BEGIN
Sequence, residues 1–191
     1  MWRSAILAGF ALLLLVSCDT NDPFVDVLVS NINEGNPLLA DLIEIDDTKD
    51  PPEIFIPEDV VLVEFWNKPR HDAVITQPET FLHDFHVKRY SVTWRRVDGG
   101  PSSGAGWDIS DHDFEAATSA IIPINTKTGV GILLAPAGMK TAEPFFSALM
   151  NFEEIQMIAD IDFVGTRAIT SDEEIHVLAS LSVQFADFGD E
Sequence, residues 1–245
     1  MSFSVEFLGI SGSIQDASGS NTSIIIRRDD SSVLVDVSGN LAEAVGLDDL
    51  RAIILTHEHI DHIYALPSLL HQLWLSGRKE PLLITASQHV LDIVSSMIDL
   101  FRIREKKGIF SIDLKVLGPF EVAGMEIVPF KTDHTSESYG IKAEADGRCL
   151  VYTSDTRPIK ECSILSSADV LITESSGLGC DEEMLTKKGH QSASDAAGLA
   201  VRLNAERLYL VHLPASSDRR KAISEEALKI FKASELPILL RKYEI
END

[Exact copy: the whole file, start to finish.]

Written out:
Sequence, residues 1–191
     1  MWRSAILAGF ALLLLVSCDT NDPFVDVLVS NINEGNPLLA DLIEIDDTKD
    51  PPEIFIPEDV VLVEFWNKPR HDAVITQPET FLHDFHVKRY SVTWRRVDGG
   101  PSSGAGWDIS DHDFEAATSA IIPINTKTGV GILLAPAGMK TAEPFFSALM
   151  NFEEIQMIAD IDFVGTRAIT SDEEIHVLAS LSVQFADFGD E
Sequence, residues 1–245
     1  MSFSVEFLGI SGSIQDASGS NTSIIIRRDD SSVLVDVSGN LAEAVGLDDL
    51  RAIILTHEHI DHIYALPSLL HQLWLSGRKE PLLITASQHV LDIVSSMIDL
   101  FRIREKKGIF SIDLKVLGPF EVAGMEIVPF KTDHTSESYG IKAEADGRCL
   151  VYTSDTRPIK ECSILSSADV LITESSGLGC DEEMLTKKGH QSASDAAGLA
   201  VRLNAERLYL VHLPASSDRR KAISEEALKI FKASELPILL RKYEI